Words I searched for and removed many instances of: very, really, nodded, sharp, intangible. Michelle’s the one who caught the over-use of “sharp.” It was in there 58 times. Now it’s more like 20 or so, which should be okay. Of course, “very” was in there 258 times. There are still quite a few instances. Sometimes it honestly does sound right, and of course sometimes it’s not “You’re very tall” but rather “standing at the very edge of the cliff,” which is a completely okay use of the word.

I’m sure the copy editor will still find many many many places where I repeated a single world four times in one paragraph. Sigh.

Still, the important thing is that my editor thinks the plot is coherent and the ending makes sense. Lots of little scribbled “Yay!” and “Fantastic!” comments in the margin at the end of the penultimate and ultimate chapters. Soooo satisfying. Endings are hard! Always a great pleasure to find one has pulled that off.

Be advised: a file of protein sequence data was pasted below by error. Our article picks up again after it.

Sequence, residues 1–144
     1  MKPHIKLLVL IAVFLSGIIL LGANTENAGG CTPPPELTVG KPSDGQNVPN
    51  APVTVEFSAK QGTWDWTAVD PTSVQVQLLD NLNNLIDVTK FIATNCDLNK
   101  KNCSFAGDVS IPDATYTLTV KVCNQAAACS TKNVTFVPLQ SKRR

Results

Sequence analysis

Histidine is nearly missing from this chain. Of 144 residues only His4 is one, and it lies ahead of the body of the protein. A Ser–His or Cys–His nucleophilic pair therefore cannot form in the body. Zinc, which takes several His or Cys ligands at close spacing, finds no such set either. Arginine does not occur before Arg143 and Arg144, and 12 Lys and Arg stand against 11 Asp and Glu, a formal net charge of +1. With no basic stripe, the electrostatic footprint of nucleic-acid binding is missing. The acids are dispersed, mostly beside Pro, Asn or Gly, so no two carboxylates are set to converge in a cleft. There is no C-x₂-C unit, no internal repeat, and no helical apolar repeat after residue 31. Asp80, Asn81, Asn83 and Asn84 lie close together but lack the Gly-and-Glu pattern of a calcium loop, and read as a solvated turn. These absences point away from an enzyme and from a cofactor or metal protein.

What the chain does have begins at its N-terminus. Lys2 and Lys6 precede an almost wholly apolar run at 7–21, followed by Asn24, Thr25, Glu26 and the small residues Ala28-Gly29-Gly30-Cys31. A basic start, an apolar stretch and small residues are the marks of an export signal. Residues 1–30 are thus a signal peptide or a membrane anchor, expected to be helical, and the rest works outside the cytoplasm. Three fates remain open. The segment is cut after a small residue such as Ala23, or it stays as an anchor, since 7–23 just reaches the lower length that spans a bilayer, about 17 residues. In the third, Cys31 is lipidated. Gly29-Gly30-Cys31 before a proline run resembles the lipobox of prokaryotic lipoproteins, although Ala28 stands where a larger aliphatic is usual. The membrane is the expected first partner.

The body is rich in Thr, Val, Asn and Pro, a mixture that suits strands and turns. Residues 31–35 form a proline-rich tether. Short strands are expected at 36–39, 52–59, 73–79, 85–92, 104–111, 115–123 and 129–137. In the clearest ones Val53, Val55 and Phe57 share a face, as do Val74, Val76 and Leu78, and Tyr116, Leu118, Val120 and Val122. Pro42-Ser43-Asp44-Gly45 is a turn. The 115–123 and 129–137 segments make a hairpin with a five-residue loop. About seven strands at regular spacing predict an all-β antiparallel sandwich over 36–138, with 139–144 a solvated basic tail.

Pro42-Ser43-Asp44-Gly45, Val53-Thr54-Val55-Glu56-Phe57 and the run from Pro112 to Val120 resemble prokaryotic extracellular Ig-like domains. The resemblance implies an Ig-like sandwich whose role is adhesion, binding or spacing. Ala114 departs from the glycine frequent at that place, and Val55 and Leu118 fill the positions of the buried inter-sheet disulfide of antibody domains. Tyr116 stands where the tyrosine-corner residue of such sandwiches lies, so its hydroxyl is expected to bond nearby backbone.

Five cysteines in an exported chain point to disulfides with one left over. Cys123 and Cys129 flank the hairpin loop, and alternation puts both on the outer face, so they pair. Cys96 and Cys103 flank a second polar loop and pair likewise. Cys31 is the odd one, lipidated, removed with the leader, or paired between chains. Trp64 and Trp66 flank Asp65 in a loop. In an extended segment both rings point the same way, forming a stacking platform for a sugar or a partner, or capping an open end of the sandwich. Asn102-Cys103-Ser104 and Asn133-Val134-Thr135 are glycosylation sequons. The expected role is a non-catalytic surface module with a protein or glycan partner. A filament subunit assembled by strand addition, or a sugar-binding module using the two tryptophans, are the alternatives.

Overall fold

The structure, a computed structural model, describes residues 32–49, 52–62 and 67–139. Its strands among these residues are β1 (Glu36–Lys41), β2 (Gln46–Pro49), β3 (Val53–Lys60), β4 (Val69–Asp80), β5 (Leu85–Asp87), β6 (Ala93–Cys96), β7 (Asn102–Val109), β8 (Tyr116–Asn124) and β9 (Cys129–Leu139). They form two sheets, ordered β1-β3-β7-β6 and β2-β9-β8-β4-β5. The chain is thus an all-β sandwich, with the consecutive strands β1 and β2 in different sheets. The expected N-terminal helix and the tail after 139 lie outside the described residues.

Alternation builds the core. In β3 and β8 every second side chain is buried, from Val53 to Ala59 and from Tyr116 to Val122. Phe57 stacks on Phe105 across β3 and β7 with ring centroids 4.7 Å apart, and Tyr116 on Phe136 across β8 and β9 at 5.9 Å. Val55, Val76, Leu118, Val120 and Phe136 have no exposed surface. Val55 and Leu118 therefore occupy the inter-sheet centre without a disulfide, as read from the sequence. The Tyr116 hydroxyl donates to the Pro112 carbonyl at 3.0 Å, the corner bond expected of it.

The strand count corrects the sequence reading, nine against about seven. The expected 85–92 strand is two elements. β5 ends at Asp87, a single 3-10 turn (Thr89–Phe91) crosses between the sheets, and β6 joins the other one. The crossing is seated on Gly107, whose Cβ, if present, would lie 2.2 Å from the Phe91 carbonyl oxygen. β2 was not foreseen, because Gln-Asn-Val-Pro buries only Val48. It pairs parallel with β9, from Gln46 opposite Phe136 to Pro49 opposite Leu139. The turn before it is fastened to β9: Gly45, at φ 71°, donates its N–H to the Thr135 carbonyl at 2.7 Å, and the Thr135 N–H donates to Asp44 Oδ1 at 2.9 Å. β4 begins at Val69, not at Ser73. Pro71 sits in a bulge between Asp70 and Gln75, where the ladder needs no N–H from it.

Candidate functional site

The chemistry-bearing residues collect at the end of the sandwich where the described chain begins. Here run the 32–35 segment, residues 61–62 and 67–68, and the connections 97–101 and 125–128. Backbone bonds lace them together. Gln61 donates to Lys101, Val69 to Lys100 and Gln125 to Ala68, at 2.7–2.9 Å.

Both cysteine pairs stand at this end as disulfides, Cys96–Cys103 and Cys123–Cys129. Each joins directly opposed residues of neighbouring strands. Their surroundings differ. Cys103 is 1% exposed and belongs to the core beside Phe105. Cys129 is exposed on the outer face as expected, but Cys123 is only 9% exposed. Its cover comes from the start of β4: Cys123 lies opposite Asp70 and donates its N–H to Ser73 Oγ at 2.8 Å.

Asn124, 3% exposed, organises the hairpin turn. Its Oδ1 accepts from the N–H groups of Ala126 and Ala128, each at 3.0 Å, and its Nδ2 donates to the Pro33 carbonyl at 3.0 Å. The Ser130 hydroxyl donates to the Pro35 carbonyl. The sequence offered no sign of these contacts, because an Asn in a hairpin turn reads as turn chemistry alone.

Next, gotta send my agent a note to the effect that comments would now be welcome on the last of my four under-contract manuscripts. And then choose the next project to work on … a Black Dog short story, maybe, to get me warmed up, and then the SF novel I have had in the back of my mind for a couple years. I have maybe 50 pp or so written. I need to re-read those and think about how to go on with that story.

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Mari Ness analyzes “The Lion King”

My opinion: Very pretty movie, some nice animation, love the setting, some of the songs are fine. Not quite clear on why prey animals are so super-excited at the birth of a predator, but okay.

Not okay, actually. That’s ridiculous.

The bad guy is the uncle? Really?

The hyenas starve without lions to be the boss and I guess hunt for them and so on? Really? ???!!?? Way to reinforce a completely false picture of hyenas as scavengers, when they are way more effective predators than lions.